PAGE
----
“Nursing is in my genes,” says Kara Chavez, 29-year nurse of San Antonio, Texas, whose mother and grandmother were both nurses. After working as CNA as a teen and an LVN for several years, Kara returned to school for the ADN in her home state of Illinois and began her career at OSF HealthCare in Bloomington. There, she worked her way up from critical care charge nurse to assistant director of the intensive care/pediatric intensive care units. “I helped start an open-heart program there—the first one in the area. It was a great 16-year career at OSF.” From 2000-2003, Kara served as OSF’s director of critical care.
Around the country
In 2003, Kara was recruited to Renown Health in Reno, Nevada, because of her significant cardiac care and emergency experience. She started as the special care manager of the step-down unit and eventually became the manager of the 56-bed emergency department. She stayed until 2008, when she packed up and moved to California to join Kaiser Permanente in Redwood City as its emergency department director.
The timing of her promotion was also right for furthering her education. “I decided to get my bachelor’s and master’s degrees in nursing while I was at Kaiser Permanente,” Kara says. She earned both degrees back-to-back online, finishing the MSN in 2012. That same year, she was promoted to critical care service line director at Kaiser’s Walnut Creek facility. She oversaw the ICU, critical monitoring unit and interventional services.
After a couple of interim positions, Kara was ready for her next adventure. She did a little online networking through LinkedIn and came into contact with Southwest General Hospital in San Antonio. One thing led to another, and Kara was hired in fall 2015 as the senior director of the intensive care units, emergency departments, dialysis and the cath lab. When the chief nursing officer was promoted to chief informatics officer, Kara was appointed as the interim CNO. She has served in the position permanently since October 2016.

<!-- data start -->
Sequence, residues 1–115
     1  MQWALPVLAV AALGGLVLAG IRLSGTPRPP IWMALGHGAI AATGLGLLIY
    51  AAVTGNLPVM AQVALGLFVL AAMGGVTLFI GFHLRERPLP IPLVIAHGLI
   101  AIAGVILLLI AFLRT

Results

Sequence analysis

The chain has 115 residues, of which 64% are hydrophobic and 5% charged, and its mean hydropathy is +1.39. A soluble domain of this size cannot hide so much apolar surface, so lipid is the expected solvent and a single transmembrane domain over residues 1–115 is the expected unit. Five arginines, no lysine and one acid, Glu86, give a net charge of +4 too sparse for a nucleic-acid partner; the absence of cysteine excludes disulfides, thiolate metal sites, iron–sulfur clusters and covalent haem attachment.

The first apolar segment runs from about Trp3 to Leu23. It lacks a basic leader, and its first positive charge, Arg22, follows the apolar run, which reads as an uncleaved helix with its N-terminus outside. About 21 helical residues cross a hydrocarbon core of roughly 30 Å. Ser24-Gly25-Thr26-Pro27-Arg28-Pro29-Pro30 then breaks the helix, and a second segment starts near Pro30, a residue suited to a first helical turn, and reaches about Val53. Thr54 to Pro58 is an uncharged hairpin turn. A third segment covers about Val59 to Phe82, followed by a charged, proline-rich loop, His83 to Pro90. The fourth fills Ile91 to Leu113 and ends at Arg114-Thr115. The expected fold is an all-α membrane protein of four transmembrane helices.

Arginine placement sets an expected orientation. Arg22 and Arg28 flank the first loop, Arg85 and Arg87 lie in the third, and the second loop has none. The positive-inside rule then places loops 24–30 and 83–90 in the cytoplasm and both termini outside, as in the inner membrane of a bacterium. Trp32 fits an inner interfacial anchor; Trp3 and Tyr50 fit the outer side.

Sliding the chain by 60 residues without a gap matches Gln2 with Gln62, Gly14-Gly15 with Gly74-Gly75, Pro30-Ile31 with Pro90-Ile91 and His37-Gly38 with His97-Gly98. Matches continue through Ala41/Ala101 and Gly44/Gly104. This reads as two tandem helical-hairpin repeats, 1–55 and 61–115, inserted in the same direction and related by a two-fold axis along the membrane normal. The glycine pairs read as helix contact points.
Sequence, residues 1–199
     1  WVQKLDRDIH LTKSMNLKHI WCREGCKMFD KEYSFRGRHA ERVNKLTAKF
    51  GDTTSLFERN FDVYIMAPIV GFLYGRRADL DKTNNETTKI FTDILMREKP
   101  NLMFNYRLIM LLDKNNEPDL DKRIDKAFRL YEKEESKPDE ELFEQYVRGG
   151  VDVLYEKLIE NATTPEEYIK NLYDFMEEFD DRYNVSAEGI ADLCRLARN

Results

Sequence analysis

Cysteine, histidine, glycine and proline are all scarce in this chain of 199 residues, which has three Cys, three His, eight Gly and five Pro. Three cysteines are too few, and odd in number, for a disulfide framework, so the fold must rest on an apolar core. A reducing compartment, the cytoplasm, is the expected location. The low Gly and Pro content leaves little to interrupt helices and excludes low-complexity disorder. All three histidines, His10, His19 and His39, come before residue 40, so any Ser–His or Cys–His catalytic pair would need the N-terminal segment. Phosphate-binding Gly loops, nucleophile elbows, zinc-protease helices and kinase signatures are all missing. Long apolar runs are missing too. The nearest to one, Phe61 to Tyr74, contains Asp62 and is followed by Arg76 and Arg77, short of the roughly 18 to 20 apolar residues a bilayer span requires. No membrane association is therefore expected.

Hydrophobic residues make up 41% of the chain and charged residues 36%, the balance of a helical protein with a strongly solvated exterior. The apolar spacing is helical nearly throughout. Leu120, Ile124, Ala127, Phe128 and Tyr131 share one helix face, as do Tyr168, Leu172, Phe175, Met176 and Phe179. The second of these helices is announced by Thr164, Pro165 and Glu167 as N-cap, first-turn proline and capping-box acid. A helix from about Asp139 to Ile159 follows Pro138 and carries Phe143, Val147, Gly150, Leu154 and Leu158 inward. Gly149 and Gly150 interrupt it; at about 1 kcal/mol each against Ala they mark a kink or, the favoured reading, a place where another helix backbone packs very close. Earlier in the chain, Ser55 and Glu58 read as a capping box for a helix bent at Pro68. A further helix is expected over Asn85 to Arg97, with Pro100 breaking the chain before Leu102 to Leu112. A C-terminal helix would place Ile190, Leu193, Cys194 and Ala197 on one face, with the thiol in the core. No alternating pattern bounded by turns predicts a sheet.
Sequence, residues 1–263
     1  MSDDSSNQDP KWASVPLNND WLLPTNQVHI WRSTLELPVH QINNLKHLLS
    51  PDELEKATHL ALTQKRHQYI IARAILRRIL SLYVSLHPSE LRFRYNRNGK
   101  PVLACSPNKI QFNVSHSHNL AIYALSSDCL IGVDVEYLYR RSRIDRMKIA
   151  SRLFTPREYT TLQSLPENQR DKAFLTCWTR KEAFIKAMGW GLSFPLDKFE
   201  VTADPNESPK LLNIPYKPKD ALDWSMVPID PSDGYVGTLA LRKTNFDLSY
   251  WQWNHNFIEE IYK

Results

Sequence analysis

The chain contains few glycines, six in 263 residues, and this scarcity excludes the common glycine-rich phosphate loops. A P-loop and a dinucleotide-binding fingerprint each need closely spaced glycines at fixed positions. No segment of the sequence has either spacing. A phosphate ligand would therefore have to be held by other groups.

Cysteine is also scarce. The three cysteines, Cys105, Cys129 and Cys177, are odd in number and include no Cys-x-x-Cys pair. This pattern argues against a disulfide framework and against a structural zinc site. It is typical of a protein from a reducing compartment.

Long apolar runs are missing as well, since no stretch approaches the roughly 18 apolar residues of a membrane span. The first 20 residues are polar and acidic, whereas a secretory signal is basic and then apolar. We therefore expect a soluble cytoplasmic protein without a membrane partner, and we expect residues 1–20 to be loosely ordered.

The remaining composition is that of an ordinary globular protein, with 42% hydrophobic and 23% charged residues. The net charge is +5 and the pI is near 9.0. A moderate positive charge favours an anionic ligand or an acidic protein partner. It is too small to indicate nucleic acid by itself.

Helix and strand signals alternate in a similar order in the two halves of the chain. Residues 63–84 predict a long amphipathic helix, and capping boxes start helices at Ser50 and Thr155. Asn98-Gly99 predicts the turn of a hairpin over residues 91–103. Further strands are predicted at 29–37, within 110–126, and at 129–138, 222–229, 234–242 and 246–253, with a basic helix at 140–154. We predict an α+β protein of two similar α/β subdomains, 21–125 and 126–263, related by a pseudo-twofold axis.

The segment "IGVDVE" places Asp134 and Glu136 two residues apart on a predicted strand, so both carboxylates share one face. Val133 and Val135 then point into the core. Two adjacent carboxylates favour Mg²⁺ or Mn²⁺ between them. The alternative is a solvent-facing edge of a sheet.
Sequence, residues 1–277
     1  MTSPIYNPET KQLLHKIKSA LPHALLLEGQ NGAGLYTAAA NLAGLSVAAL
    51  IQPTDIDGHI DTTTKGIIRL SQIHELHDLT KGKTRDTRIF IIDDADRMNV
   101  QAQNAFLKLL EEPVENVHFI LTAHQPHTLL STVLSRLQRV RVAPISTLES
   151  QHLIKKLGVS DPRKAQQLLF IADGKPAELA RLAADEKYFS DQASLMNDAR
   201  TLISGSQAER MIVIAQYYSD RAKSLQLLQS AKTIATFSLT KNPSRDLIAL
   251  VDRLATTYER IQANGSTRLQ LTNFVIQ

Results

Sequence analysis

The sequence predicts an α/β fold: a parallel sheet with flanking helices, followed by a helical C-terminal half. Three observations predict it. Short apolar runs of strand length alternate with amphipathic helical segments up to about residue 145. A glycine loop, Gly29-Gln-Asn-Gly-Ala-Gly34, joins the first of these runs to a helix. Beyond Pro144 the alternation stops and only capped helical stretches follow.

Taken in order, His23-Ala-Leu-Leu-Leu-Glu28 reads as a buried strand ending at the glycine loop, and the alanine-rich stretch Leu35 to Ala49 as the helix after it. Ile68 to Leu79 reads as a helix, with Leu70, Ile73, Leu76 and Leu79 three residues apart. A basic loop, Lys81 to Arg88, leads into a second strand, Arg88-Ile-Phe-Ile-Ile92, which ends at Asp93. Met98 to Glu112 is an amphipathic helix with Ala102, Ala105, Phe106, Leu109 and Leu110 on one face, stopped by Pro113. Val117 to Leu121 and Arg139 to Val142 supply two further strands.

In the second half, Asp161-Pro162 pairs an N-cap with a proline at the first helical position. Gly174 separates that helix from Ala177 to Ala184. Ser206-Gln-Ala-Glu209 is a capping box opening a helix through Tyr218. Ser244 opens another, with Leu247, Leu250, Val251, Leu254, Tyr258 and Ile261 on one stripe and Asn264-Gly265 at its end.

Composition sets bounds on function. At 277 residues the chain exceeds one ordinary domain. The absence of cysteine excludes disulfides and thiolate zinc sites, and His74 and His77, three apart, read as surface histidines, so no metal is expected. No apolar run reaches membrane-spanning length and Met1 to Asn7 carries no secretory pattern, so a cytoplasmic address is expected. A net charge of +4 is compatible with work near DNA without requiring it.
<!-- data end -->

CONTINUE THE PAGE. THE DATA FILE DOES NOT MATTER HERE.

At that time, she was encouraged to pursue a doctorate. “I wasn’t necessarily looking to earn a doctorate, but it was important for the role I was accepting,” Kara says. As an educational partner of Southwest General, American Sentinel University was on her short list of potential universities. “After doing some research, I felt American Sentinel’s Doctor of Nursing Practice Executive Leadership specialization was a perfect fit. The program itself looked great, but it was also something I felt I could fit into my busy schedule without compromising my life balance.” She started the DNP within a month of becoming CNO.
Making an impact
One year into the program, Kara says that the DNP has allowed her to focus intently on various work initiatives and issues in a different way. “It’s amazing, but it seems like I’ll have a situation occur at work and I’m in the middle of a class on that very topic,” she says. In fact, Kara is using her capstone project to address a current matter at Southwest General. “I’m trying to help our hospital improve its triage process in general, so the DNP capstone is a great opportunity to work on that.”
A lifelong goal
Kara will graduate with her DNP Executive Leadership in 2018. “I am extremely happy I pursued it,” she says. As for her long-term plan, whatever the future holds, Kara knows that the DNP will help her achieve success. “The DNP will help me no matter what. I always knew I would be a nurse, but I don’t think I ever thought I would pursue this much education. I’m now in my dream job and I will soon hold a doctorate. Those two things on their own make me very proud.”
Inspired by Kara’s story? A DNP with a specialization in executive leadership prepares master’s-educated nurses for leadership roles in the healthcare system. When you acquire new knowledge, you can apply it to nursing practice in ways that enhance patient care and improve outcomes.
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